6 – One Big Family
Together with the Florida Fish and Wildlife Conservation Commission (FWC), the BTT did another fascinating, high-tech study over the span of two years to determine how many different tarpon populations. With the help of anglers, lodges, and fishing guides throughout the world they collected over 23,000 tarpon scales for DNA testing. Researchers poured over the extensive data and come to the conclusion, to the surprise of many, that here is actually only one giant tarpon population in the Atlantic Ocean. DNA samples of tarpon from the East Coast of the United States to South America, even over to West Africa, all shared the same genetic profiles. As interesting as that is, the question remains to be asked, “HOW does this happen?” As mentioned earlier, tarpon are capable of traveling over 1,200 miles, which could get you from the Florida Keys to Costa Rica. Tarpon larvae are also able to travel in the warm water ocean currents, so when tarpon from Central America spawn offshore their babies may grow up in the mangroves in Africa!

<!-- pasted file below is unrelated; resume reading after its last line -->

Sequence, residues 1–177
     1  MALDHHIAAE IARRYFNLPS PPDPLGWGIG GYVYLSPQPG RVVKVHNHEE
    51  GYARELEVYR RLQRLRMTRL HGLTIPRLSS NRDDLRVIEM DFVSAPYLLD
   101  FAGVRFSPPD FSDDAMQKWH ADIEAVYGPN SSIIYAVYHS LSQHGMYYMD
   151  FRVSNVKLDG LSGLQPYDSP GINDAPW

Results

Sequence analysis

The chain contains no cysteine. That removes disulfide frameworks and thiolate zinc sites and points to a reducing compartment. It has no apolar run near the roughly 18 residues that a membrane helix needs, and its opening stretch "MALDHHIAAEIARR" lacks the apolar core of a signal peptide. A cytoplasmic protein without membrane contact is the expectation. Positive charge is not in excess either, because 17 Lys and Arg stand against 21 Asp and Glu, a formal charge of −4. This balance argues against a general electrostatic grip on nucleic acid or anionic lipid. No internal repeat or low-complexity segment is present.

7 – From Larvae to Giants